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I have a ridiculous problem and I'm curious to see how others might solve it.

I have a number of documents in a language that I do not know (I do know the word order and text orientation of that language, so I can consider each document to be an ordered list of words that I happen to not know the meaning of). I also lack the ability to translate these documents into a language I do know.  I need to do my best (knowing that I probably won't get it exactly right) to arrange the documents in an order that makes sense so that when someone that does know the language reads them, they can make most sense of them.  That is, to the extent that some knowledge relies on other knowledge as a prerequisite, I want to present to my foreign-language client with a list of documents that puts the documents about simpler concepts first, followed by documents that build on those, etc.

How do you do it?
Gregg Williams's profile photoTodd Barchok's profile photoJerry Federspiel's profile photo
Outsource it cheaply to someone who can read them?
In this post, "I" am a computer, and the foreign language is English.  If this process could be performed in an automated way, then human users could be offered personalized document sets for whatever they intend to learn about.  But if I have enough users learning about the same sorts of things, I could get data from them- so there is a way in which your answer could work.
I don't personally see how you can make any reasonable ordering of something, if you have zero understanding of it. I'm all up for hearing the answer though. 
I don't have "the" answer, but I have a possible (dumb) method.  What I really hope to do is gather a few different methods and see whether I can combine them into something that works better than any of them individually.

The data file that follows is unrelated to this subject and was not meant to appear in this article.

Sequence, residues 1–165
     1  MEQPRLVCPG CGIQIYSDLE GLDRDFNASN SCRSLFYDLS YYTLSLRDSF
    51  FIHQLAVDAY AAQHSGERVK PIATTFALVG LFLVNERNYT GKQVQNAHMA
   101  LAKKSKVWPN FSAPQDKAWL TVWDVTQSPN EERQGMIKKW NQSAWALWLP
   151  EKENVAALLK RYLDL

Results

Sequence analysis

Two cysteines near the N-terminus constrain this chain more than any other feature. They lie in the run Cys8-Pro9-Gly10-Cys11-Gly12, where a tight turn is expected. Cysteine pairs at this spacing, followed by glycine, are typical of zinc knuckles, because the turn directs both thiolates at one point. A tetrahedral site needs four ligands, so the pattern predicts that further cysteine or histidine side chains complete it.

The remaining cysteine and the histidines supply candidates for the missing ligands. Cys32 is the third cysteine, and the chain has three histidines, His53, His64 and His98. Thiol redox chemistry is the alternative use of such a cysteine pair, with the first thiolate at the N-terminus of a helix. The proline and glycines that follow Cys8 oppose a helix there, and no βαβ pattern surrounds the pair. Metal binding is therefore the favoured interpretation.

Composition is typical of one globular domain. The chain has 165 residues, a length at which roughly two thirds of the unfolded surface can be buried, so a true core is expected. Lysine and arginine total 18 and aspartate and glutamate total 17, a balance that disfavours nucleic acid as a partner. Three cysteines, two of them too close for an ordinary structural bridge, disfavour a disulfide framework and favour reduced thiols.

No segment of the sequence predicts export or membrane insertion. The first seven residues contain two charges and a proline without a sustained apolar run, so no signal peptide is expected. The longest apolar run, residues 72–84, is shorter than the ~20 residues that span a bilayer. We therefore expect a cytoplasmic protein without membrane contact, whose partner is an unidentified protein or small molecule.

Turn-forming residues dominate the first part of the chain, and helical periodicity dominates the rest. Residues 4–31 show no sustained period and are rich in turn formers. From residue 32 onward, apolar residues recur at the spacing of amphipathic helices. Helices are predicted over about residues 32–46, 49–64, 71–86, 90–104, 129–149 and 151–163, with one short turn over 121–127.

Here's my silly method:  Start by trying to determine the relationships between the words; if (within any given document) a word X tends to appear before a word Y, we'll pretend that X is a prerequisite for understanding Y.  To be a little more precise- the probability that X is prerequisite to Y is the probability that the position of a randomly selected occurrence of X lies before the position of a randomly selected occurrence of Y.

For each document, we run this process, trying to find what that document implies about word relationships.  We combine the resulting probabilities, maybe weighting them by document length (presumably the longer documents will give better data).

So this would hopefully tell you something like, e.g. the word "add" is highly likely to be a prerequisite for the word "multiply".

Then, we try to determine the relationships between documents, using what we know about the words.  If you choose a word from document A, and choose a word from document B, and the A word is a prerequisite for the B word, we'll treat that as evidence that document A is a prerequisite for document B.  We don't choose these words at random, because most of the time, with such a process, you'd get uninformative words (words where neither word is likely to be prerequisite for the other).  Instead, you shoot for distinctive words from each document- words that occur frequently in the document compared to how frequently they occur in English.

Once you have the relationships between documents worked out using that system, there's an off-the-shelf algorithm (topological sort) that will order them according to those relationships.

One nice thing about this method is that the first phase (where it looks at word relationships) can take advantage of well-structured documents outside of what it's trying to put in order- e.g. dictionary entries (where each definition is a "document"), wikipedia entries, etc.
That "dumb method" is probably the route I'd take. That, or if the documents are added manually by a user, force them to input a general "complexity score" along with it, and use that for the sorting. Though that would rely on the person inputting the document, and that's not always reliable.
This ( ) is what I was hoping to build towards with this question.  It's awesome that it exists, but it's clearly generated by humans (and so has a fairly narrow scope).  While that helps it give good quality results, I still think that developing an automated means to do this could help seed the DAG of concepts to ease the task of the human curators.
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